As the world pours out it’s sympathy for those murdered in Paris in the Charlie Hebdo attacks, liberals face a dilemma.
I’ve looked at the Charlie Hebdo cartoons, and I don’t find them particularly funny. In fact, my first thought was that if Jerry Lewis started a satirical magazine, Charlie Hebdo would be about right. My second thought was that this was a magazine started by mimes—mimes, which, by the way, are mimes because they have nothing to say really.
I found the Charlie caricatures to be juvenile, loaded with bathroom humor, and not at all smart. There were many cartoons that I felt were just offensive—not just to Muslims, but to me as well.
The cartoons seem to go out of the way to offend religiously inclined people under the pretext that since it is not against the law to do so, then doing so is a good thing.
I’m okay with being offended. I can choose to not look at things that offend me. That’s how I choose to deal with offensive people or images—like Al Sharpton, Barack Obama—who bother me.
I ignore them.
I understand how someone I disagree with, and find offensive, has the right to his or her viewpoint without feeling threatened by me.
But how exactly do liberals show their sympathy for these terror victims without saying they’re okay with the message that Charlie Hebdo propagated?
They don’t: They are liberals after all.
For them it is all one thing or all the other.
As a conservative, I don’t really have as much trouble with this as liberals do. I’m okay with the gradations between not supporting murder and not liking Charlie Hebdo. I have a sense of proportion, which I think liberals often lack.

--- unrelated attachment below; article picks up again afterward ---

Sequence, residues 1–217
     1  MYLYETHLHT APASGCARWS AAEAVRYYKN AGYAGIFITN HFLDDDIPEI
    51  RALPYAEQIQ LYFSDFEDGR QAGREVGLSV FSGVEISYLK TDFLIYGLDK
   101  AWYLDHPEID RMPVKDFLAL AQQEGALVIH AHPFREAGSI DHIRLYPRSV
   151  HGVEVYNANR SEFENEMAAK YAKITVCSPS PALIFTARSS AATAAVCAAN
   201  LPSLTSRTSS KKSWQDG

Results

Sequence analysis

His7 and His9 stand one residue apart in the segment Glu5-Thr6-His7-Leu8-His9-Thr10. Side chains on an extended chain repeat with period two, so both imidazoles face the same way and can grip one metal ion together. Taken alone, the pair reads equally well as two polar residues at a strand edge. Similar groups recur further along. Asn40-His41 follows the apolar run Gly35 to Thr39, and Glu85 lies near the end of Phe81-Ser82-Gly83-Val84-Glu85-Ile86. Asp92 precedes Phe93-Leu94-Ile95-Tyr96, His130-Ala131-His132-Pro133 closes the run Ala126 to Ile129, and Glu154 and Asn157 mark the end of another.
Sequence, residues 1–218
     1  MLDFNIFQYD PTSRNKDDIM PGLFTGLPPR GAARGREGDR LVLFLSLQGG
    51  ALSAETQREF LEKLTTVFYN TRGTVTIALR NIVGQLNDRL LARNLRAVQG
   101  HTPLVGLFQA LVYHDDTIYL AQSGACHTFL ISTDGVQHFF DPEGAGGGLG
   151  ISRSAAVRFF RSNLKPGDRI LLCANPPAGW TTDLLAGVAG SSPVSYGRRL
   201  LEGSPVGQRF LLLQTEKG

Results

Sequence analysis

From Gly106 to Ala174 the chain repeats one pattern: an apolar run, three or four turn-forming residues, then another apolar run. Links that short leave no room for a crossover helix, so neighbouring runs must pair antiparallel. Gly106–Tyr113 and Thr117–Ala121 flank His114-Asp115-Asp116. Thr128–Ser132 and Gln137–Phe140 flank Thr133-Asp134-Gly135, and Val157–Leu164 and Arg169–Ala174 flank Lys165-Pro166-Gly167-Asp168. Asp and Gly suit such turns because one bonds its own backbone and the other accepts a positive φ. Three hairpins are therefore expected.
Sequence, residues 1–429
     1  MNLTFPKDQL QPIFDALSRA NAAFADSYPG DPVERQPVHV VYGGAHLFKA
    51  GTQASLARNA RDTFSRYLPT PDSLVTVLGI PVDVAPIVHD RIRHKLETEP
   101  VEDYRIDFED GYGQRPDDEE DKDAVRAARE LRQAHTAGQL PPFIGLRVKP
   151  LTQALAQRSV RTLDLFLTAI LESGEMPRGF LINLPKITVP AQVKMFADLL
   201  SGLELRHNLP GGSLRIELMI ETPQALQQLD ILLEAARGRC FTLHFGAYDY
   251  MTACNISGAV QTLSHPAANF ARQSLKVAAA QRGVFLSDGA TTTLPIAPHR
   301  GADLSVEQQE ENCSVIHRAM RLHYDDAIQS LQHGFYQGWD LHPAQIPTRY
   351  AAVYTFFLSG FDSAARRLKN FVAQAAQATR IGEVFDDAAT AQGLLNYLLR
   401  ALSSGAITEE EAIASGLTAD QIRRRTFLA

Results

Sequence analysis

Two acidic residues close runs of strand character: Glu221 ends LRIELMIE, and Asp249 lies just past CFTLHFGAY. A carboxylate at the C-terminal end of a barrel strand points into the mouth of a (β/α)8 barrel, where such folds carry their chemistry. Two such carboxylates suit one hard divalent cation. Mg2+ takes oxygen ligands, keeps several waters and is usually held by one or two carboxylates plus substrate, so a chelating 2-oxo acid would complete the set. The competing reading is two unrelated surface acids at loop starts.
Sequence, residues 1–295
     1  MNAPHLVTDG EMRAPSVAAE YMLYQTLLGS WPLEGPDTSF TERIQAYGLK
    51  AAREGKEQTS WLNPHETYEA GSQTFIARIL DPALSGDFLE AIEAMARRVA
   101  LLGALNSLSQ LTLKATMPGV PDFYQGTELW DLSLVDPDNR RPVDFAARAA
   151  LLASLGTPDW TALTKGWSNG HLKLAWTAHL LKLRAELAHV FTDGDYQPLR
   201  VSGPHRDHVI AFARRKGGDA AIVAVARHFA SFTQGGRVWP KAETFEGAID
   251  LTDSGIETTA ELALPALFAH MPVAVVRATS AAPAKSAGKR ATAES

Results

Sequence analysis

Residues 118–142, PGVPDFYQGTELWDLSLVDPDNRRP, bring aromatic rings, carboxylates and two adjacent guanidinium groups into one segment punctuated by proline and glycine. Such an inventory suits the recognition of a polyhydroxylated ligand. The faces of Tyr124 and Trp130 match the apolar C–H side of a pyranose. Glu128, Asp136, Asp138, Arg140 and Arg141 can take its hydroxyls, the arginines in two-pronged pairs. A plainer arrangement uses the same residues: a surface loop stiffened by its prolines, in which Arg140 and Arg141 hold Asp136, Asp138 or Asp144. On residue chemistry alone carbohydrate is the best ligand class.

I can be filled with sympathy for the victims who were shot while still deploring the message of Charlie Hebdo.
But I wonder: Would liberals find as much sympathy for the victims if Charlie Hebdo instead was, say, the Media Research Center? Or Bill Cosby?
I suspect that part of the power that Charlie Hebdo attack has over the media and liberals is that fact that Charlie is clearly an enemy of religion—and the religious.
Being anti-religious is not just okay amongst liberals, it is part of the lifestyle.
We live in a time that celebrates books like Christopher Hitchens’ God is Not Great: How Religion Spoils Everything. We live in a time when Harvard University considers the celebration of evil in the Black Mass a legitimate cultural expression, as if evil is a legitimate moral choice like a Snickers bar in a vending machine.
But not me.
I don’t have sympathy with anti-religious bias, any more than I have sympathy with those who misuse religion, like Islam does.
Evil is evil whether found in the secular pursuits of Charlie Hebdo or in the so-called religious pursuits of Al Qaeda in Yemen.
That neither side understands why my beliefs-- expressed as Western civilization-- are superior to them in staying power, morality and economics doesn’t make my beliefs less valid.
Today, in fact, I feel vindicated.
And the problem that liberals have is to acknowledge the debt they owe civilization—you know, that part of humanity that thinks shooting people or denigrating their beliefs is not okay—while pretending that their own brand of intolerance is okay.
Because while the intolerance shown by Al Qaeda is deplorable, it is separated from Charlie Hebdo by degree only.
In it we see the Clash of Intolerants.
Thankfully, it has nothing to do with me.